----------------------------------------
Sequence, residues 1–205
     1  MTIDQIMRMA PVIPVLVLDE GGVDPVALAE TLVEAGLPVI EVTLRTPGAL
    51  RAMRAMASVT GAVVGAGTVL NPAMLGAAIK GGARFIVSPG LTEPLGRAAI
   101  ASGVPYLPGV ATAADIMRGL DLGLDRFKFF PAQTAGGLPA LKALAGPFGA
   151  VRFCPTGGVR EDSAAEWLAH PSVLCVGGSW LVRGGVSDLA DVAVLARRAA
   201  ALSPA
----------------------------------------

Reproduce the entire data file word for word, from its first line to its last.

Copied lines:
Sequence, residues 1–205
     1  MTIDQIMRMA PVIPVLVLDE GGVDPVALAE TLVEAGLPVI EVTLRTPGAL
    51  RAMRAMASVT GAVVGAGTVL NPAMLGAAIK GGARFIVSPG LTEPLGRAAI
   101  ASGVPYLPGV ATAADIMRGL DLGLDRFKFF PAQTAGGLPA LKALAGPFGA
   151  VRFCPTGGVR EDSAAEWLAH PSVLCVGGSW LVRGGVSDLA DVAVLARRAA
   201  ALSPA